Iraqi government spokesman Ali Dabbagh said in a written statement that the Iraqi cabinet decided to reconsider its ties with Turkey in a meeting on Tuesday as a result of Davutoğlu's visit to Kirkuk and tasked a committee with investigating the impact of the visit. The committee, headed by Deputy Prime Minister Hussain al-Shahristani will soon advise the cabinet on the controversial visit.
The committee will consist of foreign, interior and transportation ministers along with the minister responsible for regions and the intelligence chief.
Davutoğlu has surprised the media and angered the Iraqi government by paying a unannounced visit to Kirkuk last week, where he met with and was warmly greeted by representatives of the Turkmen community, who share close ethnic ties with Turks.
The control of Kirkuk, a city of Kurds, Turkmen and Arabs, has long been a matter of contention between the Iraqi central government and the Iraqi Kurds, who hope to annex the city into their autonomous region in the north. The city is currently under the control of the Iraqi government. Turkey, too, has long opposed Kurdish rule of Kirkuk, out of concerns that this would encourage separatist sentiment among its own Kurdish population.
Iraqi central authorities, in turn, have accused Turkey of violating laws, saying that the foreign minister had neither asked for nor obtained permission to enter Kirkuk.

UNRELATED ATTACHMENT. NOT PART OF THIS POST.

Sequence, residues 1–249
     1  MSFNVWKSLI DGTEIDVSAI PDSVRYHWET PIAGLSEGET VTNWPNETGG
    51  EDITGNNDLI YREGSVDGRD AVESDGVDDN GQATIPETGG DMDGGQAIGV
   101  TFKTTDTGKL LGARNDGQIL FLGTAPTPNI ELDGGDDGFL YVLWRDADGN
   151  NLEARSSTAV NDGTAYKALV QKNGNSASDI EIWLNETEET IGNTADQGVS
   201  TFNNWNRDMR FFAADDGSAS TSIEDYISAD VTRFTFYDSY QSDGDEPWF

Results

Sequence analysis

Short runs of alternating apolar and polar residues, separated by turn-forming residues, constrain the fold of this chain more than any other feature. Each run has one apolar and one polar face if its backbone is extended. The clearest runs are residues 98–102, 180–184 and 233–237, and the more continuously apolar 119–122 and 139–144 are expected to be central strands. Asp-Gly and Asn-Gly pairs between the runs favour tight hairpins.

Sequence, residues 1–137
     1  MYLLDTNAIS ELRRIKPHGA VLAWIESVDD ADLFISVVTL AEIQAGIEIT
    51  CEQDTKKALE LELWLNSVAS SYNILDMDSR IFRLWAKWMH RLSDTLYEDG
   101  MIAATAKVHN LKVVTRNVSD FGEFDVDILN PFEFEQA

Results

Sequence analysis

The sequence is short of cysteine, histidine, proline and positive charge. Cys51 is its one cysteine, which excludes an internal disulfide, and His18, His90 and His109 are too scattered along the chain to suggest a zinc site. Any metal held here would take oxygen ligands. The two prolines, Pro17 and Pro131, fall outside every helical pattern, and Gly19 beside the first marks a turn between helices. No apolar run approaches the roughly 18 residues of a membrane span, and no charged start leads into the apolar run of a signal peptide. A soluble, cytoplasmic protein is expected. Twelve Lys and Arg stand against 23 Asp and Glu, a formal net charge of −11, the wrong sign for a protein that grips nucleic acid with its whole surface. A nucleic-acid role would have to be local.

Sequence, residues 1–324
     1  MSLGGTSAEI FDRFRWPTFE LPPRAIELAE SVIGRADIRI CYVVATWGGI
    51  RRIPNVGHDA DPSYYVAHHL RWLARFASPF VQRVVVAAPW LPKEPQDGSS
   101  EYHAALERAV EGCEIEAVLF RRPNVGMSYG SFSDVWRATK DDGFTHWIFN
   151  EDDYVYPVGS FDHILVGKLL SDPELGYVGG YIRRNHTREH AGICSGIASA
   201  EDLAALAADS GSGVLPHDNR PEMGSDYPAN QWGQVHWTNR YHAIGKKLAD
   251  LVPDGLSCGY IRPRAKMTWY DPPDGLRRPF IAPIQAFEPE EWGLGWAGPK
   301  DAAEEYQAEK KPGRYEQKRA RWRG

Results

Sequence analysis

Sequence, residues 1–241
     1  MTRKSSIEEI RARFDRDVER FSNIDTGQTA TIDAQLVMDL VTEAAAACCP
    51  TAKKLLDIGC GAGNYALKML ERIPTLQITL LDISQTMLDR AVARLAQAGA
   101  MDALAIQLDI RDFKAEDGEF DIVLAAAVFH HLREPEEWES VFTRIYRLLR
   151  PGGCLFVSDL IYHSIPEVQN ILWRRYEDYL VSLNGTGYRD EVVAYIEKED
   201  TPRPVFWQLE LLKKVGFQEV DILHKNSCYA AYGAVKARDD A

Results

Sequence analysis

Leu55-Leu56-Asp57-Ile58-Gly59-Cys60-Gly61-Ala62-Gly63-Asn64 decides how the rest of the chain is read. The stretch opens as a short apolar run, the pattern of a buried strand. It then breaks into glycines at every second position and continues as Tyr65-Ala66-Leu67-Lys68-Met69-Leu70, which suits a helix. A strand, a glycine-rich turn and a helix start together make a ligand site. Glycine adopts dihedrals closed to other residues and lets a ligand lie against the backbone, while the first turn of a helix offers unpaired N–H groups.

Meanwhile, Kirkuk Governor Najm al-Din Omar Karim stated last week following the tension arising from the visit that the foreign minister and his delegation had made visa applications to the Iraqi Embassy in Ankara and that “flight clearance” had also been given by the Iraqi Foreign Ministry prior to the visit.
In addition, President of the Al-Iraqiya coalition's parliamentary bloc Salman Jumaili has said the Baghdad government knew about Davutoglu's visit to Kirkuk.
Turkey has already lashed out at the Iraqi government for its claims.
The Turkish Foreign Ministry summoned Iraq's ambassador in Ankara on Friday to protest Baghdad's subsequent statements after Davutoğlu's visit to the city. Turkish Foreign Ministry Undersecretary Feridun Sinirlioğlu told the Iraqi envoy that Turkey is taking every step openly and that it has no hidden agenda. Sinirlioğlu warned Iraqi authorities to be careful while making statements.
The Kirkuk spat brought already strained ties between Turkey and Iraq to a new low. Turkey has been hosting Tariq al-Hashemi, Iraq's Sunni vice president, who faces charges of terrorism in his own country. Also to the chagrin of the Iraqi government, Turkey has recently started importing crude oil from northern Iraq under a deal with the Iraqi Kurdish administration. Turkey separately imports oil from Iraq through a twin pipeline that runs from Kirkuk to the Mediterranean oil terminal of Ceyhan.
The Maliki government has slammed Turkey for pursuing “hostile” policies in the region and interfering in Iraqi affairs, while Ankara says Maliki's Shiite-led government is trying to monopolize power by suppressing Sunni Arabs and other groups.